PeopleCode Evaluate

A question came up today that I have wondered about for a while: how does break and evaluate work in PeopleCode? I think I have been telling it wrong, so I decided to do a little experiment.

Note: This test uses the Unit Test Framework.

In my first series of tests, I wanted to know if the “break” is required.

import TTS_UNITTEST:TestBase;

class EvalTest extends TTS_UNITTEST:TestBase
   method EvalTest();
   method Run();
end-class;

method EvalTest
   %Super = create TTS_UNITTEST:TestBase("TestBaseTest");
end-method;

method Run
   /+ Extends/implements TTS_UNITTEST:TestBase.Run +/
   
   Local string &testVal = "one";
   
   %This.Msg("Test 1");
   Evaluate &testVal
   When = "one"
   When = "two"
      %This.Msg("In eval for 'one' and 'two'");
   When = "three"
      %This.Msg("In eval for 'three'");
   End-Evaluate;
   
   %This.Msg("Test 2");
   Evaluate &testVal
   When = "one";
   When = "two";
      %This.Msg("In eval for 'one' and 'two'");
   When = "three";
      %This.Msg("In eval for 'three'");
   End-Evaluate;
   
   %This.Msg("Test 3");
   Evaluate &testVal
   When = "one"
   When = "two"
      %This.Msg("In eval for 'one' and 'two'");
      Break;
   When = "three"
      %This.Msg("In eval for 'three'");
      Break;
   End-Evaluate;
   
end-method;

Here’s the output:

Test 1
In eval for 'one' and 'two'
Test 2
Test 3
In eval for 'one' and 'two'

Most importantly, notice that test 1 and test 2 behave exactly the same way. So, the “break” doesn’t seem to make any difference.

Secondly, the semicolons on the “when” lines do make a big difference. Two “when” lines one after another make for an either/or effect. But, if you put a semicolon afterward, PeopleCode interprets that as a statement and breaks the either/or.

Exploring the syntax, I found that the “=” sign is not required. This works just as well:

   Local string &testVal = "one";
   
   %This.Msg("Test 1");
   Evaluate &testVal
   When "one"
   When "two"
      %This.Msg("In eval for 'one' and 'two'");
   When "three"
      %This.Msg("In eval for 'three'");
   End-Evaluate;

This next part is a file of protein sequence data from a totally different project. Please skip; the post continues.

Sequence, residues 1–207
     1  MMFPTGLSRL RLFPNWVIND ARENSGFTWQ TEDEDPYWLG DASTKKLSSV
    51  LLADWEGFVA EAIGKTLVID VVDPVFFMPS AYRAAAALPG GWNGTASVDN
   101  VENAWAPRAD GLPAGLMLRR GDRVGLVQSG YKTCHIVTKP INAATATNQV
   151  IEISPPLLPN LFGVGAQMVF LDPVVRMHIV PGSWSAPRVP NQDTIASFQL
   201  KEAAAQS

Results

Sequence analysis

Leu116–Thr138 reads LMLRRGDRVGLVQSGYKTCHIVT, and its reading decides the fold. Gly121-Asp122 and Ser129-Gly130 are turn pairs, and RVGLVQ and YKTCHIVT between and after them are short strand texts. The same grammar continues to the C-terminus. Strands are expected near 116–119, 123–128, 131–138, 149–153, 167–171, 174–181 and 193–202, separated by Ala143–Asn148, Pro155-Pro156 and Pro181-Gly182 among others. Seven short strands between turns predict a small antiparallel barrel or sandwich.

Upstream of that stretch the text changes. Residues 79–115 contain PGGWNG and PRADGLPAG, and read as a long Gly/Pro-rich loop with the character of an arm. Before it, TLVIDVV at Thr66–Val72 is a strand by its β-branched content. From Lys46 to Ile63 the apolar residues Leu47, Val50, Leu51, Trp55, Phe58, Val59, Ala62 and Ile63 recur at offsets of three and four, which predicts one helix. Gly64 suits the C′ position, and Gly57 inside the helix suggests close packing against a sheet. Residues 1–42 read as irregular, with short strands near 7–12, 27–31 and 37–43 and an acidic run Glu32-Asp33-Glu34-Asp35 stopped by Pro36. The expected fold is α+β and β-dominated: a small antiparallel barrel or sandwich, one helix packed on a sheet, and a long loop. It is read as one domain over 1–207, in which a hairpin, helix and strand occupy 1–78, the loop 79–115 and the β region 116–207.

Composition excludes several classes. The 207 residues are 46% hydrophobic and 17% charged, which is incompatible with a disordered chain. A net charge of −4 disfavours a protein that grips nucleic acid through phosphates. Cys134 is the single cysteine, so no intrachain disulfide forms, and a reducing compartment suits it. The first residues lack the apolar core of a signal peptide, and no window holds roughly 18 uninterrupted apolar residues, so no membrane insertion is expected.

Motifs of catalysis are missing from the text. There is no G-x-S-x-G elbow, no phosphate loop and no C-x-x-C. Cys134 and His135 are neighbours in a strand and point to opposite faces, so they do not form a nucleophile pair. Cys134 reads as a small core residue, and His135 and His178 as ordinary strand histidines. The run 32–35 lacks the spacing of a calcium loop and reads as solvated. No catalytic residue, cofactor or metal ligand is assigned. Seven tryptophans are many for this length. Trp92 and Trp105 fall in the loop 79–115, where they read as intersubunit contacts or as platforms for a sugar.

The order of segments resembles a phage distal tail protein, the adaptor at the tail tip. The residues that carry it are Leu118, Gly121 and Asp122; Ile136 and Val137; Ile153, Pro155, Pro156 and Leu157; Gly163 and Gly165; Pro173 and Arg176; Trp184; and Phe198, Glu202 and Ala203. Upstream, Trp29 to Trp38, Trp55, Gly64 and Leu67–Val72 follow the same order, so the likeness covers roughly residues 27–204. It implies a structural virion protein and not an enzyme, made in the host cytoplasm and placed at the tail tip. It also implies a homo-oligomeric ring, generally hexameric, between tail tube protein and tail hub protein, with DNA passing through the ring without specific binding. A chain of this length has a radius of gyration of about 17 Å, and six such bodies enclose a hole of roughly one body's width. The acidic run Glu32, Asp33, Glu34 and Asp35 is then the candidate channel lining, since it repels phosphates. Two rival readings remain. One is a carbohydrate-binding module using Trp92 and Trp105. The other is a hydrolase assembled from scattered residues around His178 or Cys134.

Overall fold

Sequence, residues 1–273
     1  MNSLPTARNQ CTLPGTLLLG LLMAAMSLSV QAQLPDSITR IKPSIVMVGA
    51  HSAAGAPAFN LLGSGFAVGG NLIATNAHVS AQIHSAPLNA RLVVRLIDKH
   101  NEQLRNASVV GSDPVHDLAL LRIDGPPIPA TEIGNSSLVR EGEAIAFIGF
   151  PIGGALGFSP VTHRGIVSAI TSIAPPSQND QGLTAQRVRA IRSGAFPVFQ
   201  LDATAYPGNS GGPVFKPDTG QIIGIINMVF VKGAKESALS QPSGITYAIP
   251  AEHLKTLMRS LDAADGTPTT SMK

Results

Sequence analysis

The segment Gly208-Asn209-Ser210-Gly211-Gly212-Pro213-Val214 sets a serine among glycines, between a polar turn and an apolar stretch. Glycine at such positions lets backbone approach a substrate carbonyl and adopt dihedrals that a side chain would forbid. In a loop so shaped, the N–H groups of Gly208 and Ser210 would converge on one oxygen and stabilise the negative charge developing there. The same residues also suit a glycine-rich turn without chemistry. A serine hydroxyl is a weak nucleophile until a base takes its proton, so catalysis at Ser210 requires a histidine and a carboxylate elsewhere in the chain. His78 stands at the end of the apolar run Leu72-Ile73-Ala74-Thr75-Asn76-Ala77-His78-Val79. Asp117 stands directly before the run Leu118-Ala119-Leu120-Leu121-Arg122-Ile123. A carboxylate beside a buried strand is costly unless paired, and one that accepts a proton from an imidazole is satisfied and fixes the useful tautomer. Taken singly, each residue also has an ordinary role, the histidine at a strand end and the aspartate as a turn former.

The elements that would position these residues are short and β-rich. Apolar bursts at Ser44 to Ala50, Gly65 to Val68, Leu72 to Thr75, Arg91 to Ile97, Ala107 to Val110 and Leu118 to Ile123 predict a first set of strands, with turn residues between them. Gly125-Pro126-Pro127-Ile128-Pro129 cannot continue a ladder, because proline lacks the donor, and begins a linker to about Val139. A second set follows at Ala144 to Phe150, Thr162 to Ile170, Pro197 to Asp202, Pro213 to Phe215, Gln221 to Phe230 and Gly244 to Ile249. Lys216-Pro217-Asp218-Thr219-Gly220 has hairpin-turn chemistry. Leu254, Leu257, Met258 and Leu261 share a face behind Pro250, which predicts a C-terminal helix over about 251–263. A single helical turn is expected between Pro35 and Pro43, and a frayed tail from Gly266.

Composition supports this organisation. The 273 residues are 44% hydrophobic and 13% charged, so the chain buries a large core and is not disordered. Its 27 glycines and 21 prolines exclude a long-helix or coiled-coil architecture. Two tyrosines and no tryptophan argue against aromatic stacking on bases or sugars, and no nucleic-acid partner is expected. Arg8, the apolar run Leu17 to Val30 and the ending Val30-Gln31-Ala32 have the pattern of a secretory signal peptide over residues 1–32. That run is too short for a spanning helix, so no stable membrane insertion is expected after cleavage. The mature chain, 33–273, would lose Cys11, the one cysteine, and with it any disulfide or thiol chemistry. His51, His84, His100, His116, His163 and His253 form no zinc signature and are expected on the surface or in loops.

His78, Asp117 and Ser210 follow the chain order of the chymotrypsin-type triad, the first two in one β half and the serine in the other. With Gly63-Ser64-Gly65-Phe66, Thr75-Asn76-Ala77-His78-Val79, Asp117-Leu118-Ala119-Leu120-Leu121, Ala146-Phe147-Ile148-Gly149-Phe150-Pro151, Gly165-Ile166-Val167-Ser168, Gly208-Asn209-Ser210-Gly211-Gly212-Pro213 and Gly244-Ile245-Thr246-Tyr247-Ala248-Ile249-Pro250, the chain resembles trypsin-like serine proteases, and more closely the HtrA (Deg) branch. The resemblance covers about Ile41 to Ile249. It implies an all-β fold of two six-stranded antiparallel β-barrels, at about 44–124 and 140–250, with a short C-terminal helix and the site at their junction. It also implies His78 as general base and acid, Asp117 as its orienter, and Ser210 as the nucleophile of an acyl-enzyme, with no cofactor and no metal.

Here’s another series of examples that proves that you can use more than just the “=” sign. It also shows that two “when” clauses perform the logical “or” operation. I don’t think there is a way to do an “and”.

   
   Local number &testVal = 10;
   
   %This.Msg("Test 1");
   Evaluate &testVal
   When > 5
   When < 11
      %This.Msg("In eval for '> 5' and '< 11'");
   When = 100
      %This.Msg("In eval for '= 100'");
   End-Evaluate;
   
   
   %This.Msg("Test 2");
   Evaluate &testVal
   When > 5
   When < 2
      %This.Msg("In eval for '> 5' and '< 2'");
   When = 100
      %This.Msg("In eval for '= 100'");
   End-Evaluate;

Here’s the output:

Test 1
In eval for '> 5' and '< 11'
Test 2
In eval for '> 5' and '< 2'

I did find a situation where the break does make a difference! If the condition can match multiple “when” clauses, it does make a difference.

   
   Local number &testVal = 10;
   
   %This.Msg("Test 1");
   Evaluate &testVal
   When > 5
      %This.Msg("In eval for '> 5'");
   When < 100
      %This.Msg("In eval for '< 100'");
   End-Evaluate;
   
   %This.Msg("Test 2");
   Evaluate &testVal
   When > 5
      %This.Msg("In eval for '> 5'");
      Break;
   When < 100
      %This.Msg("In eval for '< 100'");
      Break;
   End-Evaluate;

Here’s the output:

Test 1
In eval for '> 5'
In eval for '< 100'
Test 2
In eval for '> 5'

And, we can’t forget the other clause.

   
   Local number &testVal = 2;
   
   %This.Msg("Test 1");
   Evaluate &testVal
   When > 5
      %This.Msg("In eval for '> 5'");
   When > 100
      %This.Msg("In eval for '> 100'");
   When-Other
      %This.Msg("Other!");
   End-Evaluate;
   
   
   %This.Msg("Test 2");
   Evaluate &testVal
   When > 1
      %This.Msg("In eval for '> 5'");
   When > 100
      %This.Msg("In eval for '> 100'");
   When-Other
      %This.Msg("Other!");
   End-Evaluate;

Here’s the output:

Test 1
Other!
Test 2
In eval for '> 5'

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